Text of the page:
In this technology training blog series we identify tips and share best practices from public libraries. We have taken a look at individual technology instruction and open lab assistance as methods to provide flexible training in the library. This post explores several ways to offer technology instruction by taking computers out to the community.
The Edge Initiative benchmarks for public access technology recommend offering structured and scheduled technology instruction in the Community Value section under Benchmark One. This post will give useful advice to help you determine how to offer mobile technology instruction in your community.
Mobile labs are versatile and flexible, and are an innovative way to provide technology instruction. You can use mobile labs tp reach patrons at the point of need, whether in a neighborhood center, business, or onboard a bookmobile in a parking lot. They can go almost anywhere! Taking your technology training on the road helps build relationships with other local organizations, and gives the library a greater presence in the community.
Instructors can direct training to the specific needs of one target audience, such as teens, seniors, or government employees. Mobile labs can be used to respond to emergencies, or can be used at community events to provide onsite computer access. When not in use, mobile labs can be used for classes in the library, shared with other libraries and organizations, or stored away.
There are some important tips and best practices to remember as you plan your mobile technology lab.
The Poudre River Public Library District (PRPLD), located in Fort Collins, Colorado, developed a mobile computer lab in 2011 as a part of the Colorado Public Computer Centers project. The library district serves 177,000 people across 1,800 square miles, including rural and mountain areas that are not near any library branches. PRPLD wanted to reach non-library users by bringing technology and computer classes directly to them.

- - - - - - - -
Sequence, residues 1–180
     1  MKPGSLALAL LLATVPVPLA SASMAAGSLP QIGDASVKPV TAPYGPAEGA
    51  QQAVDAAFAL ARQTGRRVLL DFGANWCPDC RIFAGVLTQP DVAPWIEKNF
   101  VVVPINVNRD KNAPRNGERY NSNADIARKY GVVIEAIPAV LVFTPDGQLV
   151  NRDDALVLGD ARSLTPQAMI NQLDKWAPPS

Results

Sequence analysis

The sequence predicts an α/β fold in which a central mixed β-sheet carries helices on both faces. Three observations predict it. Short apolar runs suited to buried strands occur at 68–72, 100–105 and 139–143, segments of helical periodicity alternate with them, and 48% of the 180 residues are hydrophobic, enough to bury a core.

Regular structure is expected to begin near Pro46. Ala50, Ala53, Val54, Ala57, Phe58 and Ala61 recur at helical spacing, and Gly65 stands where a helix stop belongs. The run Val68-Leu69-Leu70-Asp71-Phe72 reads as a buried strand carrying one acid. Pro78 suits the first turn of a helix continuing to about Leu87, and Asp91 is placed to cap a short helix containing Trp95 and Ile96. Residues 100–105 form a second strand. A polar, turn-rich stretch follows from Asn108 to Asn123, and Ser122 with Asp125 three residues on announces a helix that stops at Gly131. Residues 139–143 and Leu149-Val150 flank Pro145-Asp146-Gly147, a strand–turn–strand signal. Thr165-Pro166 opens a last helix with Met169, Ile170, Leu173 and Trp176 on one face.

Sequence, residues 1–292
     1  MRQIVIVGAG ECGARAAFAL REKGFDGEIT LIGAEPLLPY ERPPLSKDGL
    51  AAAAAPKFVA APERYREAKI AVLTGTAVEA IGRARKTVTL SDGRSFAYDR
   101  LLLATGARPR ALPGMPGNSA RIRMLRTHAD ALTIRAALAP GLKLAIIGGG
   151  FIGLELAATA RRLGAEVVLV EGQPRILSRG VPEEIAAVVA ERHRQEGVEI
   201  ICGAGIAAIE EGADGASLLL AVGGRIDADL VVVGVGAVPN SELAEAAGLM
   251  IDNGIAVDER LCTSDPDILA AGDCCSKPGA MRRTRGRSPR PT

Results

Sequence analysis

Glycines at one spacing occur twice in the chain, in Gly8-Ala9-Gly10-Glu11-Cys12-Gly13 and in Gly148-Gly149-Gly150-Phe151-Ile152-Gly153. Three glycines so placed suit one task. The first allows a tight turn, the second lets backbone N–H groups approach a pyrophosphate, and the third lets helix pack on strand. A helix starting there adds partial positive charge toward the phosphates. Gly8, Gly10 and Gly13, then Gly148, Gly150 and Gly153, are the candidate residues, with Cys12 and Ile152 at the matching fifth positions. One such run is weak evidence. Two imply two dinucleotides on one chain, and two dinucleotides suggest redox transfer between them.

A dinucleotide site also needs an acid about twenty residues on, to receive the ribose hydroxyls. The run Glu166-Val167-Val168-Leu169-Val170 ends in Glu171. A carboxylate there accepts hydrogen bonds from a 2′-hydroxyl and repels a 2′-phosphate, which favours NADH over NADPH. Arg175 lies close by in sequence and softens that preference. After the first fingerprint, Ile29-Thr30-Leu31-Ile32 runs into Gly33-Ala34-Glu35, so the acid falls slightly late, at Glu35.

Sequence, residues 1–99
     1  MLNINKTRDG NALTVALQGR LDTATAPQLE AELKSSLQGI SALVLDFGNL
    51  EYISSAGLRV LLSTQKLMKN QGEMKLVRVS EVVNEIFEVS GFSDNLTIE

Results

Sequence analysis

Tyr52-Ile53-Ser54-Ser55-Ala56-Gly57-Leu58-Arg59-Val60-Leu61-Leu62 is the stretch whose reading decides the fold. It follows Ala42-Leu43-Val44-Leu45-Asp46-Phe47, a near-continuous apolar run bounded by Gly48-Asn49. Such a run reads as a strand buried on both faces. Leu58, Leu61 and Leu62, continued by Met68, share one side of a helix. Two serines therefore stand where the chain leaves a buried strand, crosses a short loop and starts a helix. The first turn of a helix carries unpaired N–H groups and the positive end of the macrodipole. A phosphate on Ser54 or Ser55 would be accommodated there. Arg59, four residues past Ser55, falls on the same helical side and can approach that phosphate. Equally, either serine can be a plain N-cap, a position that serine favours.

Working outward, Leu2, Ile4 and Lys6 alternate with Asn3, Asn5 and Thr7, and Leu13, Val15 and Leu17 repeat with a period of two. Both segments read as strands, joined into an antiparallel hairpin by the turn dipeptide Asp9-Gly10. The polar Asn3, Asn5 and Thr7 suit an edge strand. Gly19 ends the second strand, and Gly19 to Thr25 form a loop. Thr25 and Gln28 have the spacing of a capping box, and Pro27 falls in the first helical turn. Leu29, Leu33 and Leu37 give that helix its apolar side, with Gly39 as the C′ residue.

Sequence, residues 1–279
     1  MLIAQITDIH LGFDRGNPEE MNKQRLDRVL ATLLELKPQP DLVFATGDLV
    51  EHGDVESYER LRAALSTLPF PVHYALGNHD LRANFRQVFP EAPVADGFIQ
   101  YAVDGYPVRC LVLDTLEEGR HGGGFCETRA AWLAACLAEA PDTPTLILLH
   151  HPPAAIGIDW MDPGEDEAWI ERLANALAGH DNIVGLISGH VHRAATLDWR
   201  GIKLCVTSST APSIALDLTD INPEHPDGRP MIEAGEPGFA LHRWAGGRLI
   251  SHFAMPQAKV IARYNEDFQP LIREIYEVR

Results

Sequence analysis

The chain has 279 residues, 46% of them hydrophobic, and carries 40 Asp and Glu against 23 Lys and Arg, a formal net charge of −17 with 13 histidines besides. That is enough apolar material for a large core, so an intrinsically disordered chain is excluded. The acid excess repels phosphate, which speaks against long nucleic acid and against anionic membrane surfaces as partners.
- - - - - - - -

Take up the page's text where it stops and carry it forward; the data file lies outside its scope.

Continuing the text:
PRPLD put together a mobile computer lab managed by the Outreach Department. Irene Romsa, Outreach Services Manager, developed a highly successful program called “Tech a la Carte” which brings technology instruction into underserved communities. For this program, the library has a rolling suitcase that holds 6 laptops, a projector, and a mobile wireless Internet router from Verizon. When deciding what wireless provider to use, they were able to borrow some test equipment from providers, and drove to different potential locations to see if they could get an adequate signal. Verizon had the best coverage in the library service area.
They take this into private homes and neighborhood centers to teach a series of technology classes. Each host location is screened for safety through referrals and site visits. A commitment of five adults is required for each series of classes. So far, the program has had 100% attendance and is booked to capacity. "Tech a la Carte" has taught basic computer skills and Internet safety to many families in the PRPLD service area, and continues to grow as staff time allows.
In addition to teaching technology classes, the mobile lab has been used for other community services. They take computers to community festivals and events to issue new library cards and demonstrate online library resources. They also used the mobile lab as an emergency responder in the recent devastating High Park wildfire. The lab was set up at the evacuation site, and served several purposes. Evacuees were able to register with the Red Cross, take care of business online, and contact family and friends via social media and email. PRPLD was able to provide this service because the equipment was easy to move and staff was able to act quickly.
When asked about the challenges of offering such an ambitious mobile lab program, Irene says:
Just give it a try. We call everything a pilot when we begin. That means if it’s not working we will pull out of it. And that helps to ease anxiety in a lot of people. Try it out and see if it works for you, and if not, change it. Each community is different and their response will need to be tweaked according to the . . . very unique composition of your community."
The Lamar Public Library serves a rural area of approximately 8,000 people in southeastern Colorado. Kristin Lubbers is the Mobile Computer Center Coordinator who manages computer classes both inside the library and out in the community. The library has open access computers, but does not have a formal computer lab for instruction. A mobile laptop lab can be set up in the library meeting room when needed. This mobile lab can also be taken out into the community, using a hard plastic rolling suitcase that can be easily transported in a library vehicle.